Sarthak Karkare is a fan of rock music and has been playing guitar since his schooldays. In college, the 20-year-old decided to turn what was a childhood obsession into a more serious pursuit. Karkare, now a third-year BA student of St. Xavier’s College, Dhobi Talao, started an amateur rock band called ‘Unohu’ – for ‘You know who’ - three years ago, along with his younger brother Shashwat, a first-year BA student at the same college. The two were later joined by Yohann Coutinho, a third-year BSc student.
Unohu started performing at college events and when their shows were appreciated by friends and teachers, the trio decided to put the audio and videos of their performances online through video and music-sharing apps. Eventually, they got offers to perform at cafes and for television channels.
“I always wanted to pursue a career in music. We understood that social media is the best way to exhibit and market your talent. Through social media sites we could link our pages to different forums that can expose us to the whole world,” said Sarthak. “It was an only option as we do not have promoters or agents. On the strength of publicity gathered by songs posted online, we got offers to play at events at NH7 weekender- Pune, Hard Rock Café and Blue Frog in Mumbai. We are also recording an album now.”
Like Sarthak, many Mumbai college students are using social media to convert hobbies into careers. They attract offers and orders using Facebook, Instagram, WhatsApp and Sound Cloud. In this sense, they are following trends in the west where university students are creating careers by using social media to advertise their talents.
While the Karkare brothers used social media to advertise their musical talents, other students are using the forum to sell clothing, paintings, chocolates, greeting cards and showpieces made from recycled materials. The coming festival season promises a lot of opportunities for Pratiksha Jain, a third year BA student of MU who dabbles in fashion designing. She started posting her garment designs on social media sites through a tag ‘Closet Couture’ and started getting orders for the clothes. “I started my own little business and all I had to do was post pictures of my creations on social media sites. During the wedding seasonand festivals, I get orders from across India, ” said Jain.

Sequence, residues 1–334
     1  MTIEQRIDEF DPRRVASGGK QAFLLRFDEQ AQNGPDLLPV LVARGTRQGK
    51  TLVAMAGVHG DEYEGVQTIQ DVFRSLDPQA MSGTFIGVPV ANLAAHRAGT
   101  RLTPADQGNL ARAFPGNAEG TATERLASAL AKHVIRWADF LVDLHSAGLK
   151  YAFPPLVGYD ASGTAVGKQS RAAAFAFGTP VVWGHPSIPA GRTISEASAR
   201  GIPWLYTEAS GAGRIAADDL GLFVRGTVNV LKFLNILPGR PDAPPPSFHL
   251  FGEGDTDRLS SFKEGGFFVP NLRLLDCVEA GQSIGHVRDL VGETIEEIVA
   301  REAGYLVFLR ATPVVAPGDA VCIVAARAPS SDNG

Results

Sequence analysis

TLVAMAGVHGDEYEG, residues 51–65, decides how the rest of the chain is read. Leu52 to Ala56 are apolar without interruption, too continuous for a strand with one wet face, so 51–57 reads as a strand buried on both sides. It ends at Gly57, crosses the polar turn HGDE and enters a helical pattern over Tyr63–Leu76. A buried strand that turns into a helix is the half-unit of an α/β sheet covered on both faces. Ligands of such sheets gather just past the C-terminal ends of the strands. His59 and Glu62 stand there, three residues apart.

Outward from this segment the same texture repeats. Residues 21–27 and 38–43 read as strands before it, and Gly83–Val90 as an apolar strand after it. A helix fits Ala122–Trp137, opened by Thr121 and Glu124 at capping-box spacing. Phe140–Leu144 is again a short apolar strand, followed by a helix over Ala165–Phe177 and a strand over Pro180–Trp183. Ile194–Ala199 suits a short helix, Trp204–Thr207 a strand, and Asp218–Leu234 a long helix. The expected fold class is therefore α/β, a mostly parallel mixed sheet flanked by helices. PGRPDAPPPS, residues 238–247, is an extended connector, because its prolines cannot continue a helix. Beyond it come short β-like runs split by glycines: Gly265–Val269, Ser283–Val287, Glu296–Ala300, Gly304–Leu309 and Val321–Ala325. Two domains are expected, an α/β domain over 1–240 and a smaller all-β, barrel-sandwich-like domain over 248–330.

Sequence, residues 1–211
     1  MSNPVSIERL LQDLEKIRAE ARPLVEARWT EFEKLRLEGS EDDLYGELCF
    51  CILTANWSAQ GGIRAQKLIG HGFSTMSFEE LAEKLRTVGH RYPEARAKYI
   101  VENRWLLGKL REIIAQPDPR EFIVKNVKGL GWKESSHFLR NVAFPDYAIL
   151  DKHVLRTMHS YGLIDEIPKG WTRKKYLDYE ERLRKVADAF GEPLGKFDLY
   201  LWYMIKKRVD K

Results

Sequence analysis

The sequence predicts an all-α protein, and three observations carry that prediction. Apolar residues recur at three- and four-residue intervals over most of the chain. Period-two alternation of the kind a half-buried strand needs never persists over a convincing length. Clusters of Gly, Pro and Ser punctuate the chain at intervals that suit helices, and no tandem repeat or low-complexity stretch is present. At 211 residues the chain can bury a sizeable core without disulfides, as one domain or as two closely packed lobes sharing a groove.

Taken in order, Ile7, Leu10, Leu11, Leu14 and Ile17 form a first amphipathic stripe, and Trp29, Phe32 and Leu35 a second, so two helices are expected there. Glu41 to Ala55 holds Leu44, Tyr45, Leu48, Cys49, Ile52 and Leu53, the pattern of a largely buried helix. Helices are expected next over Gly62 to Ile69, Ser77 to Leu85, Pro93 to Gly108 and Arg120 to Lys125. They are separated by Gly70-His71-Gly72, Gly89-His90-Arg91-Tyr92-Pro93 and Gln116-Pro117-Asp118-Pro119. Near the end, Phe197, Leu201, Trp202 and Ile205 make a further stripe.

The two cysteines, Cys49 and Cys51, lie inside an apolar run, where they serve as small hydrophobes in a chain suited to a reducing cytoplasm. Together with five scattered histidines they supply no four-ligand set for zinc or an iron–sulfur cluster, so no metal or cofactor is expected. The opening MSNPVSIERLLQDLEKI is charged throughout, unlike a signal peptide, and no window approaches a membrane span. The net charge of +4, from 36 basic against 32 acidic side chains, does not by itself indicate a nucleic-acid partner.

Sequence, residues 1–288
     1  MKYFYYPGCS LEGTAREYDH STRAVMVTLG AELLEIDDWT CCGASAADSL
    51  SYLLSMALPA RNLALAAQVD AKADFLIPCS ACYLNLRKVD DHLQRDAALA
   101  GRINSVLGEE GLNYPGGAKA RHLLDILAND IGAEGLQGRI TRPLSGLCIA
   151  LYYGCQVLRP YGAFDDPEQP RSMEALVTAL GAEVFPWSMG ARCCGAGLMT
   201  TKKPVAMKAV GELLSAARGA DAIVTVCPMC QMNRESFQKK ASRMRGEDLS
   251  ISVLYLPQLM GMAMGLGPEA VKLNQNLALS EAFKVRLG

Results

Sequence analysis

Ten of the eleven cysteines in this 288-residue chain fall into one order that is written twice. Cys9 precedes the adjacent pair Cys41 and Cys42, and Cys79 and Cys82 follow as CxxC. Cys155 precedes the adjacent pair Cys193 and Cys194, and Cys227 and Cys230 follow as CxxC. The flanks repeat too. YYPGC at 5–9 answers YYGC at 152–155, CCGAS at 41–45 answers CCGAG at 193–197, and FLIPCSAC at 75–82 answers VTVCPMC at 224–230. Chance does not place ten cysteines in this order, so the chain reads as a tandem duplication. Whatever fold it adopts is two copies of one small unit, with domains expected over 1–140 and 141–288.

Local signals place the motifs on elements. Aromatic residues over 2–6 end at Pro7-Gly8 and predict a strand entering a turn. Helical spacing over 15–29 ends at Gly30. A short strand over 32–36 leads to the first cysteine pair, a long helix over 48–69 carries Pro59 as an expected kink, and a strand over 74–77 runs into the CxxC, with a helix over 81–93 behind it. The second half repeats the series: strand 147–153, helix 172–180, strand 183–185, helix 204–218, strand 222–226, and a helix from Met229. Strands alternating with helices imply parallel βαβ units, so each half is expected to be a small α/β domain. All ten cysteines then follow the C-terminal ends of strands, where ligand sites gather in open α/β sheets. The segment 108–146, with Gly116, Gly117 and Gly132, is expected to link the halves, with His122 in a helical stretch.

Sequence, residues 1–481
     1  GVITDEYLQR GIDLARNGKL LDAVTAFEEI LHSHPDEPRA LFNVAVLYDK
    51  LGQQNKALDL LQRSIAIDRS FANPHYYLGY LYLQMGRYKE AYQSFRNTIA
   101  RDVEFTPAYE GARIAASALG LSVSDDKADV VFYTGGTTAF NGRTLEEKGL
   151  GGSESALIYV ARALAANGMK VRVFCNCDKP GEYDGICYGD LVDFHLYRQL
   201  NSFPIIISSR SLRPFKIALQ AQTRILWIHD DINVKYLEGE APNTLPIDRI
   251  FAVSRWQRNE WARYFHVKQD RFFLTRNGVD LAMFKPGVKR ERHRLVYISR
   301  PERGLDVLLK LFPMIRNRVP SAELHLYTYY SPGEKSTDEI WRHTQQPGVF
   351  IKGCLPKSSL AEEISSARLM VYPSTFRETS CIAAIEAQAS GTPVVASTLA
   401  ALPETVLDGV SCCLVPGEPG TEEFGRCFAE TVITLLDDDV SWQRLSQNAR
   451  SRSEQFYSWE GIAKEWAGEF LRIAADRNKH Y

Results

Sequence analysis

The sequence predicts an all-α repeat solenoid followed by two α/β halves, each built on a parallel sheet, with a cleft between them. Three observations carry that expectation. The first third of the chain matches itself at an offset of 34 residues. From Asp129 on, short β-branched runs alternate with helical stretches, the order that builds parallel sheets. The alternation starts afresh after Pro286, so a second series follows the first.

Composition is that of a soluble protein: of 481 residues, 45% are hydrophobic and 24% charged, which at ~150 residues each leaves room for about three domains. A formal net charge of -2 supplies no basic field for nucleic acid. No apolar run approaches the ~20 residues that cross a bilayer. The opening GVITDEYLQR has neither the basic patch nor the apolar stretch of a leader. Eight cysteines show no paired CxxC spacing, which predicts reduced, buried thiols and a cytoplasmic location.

Amateur photographers among students, who post their photographs on photo-sharing sites, can attract the attention of commercial photographers who scour social media for content. Zeeshan Syed, a third-year BSc student of St. Xavier’s College, took this route to make some money out of this hobby. “Many of us get exposure through social media as we do not need to send our work to commercial photographers. Most of them are active on these platforms and tap the talent through it. I got a few opportunities to assist them for several commercial events through my page on social media.”
Jyoti Thakur, executive coordinator and former vice-principal of Jai Hind College said, “It is a welcoming trend that students can earn while they are studying. While the students are making efforts to display their talents online, colleges need to encourage them through their entrepreneurship cells and by connecting them with alumni network who can help them flourish business.”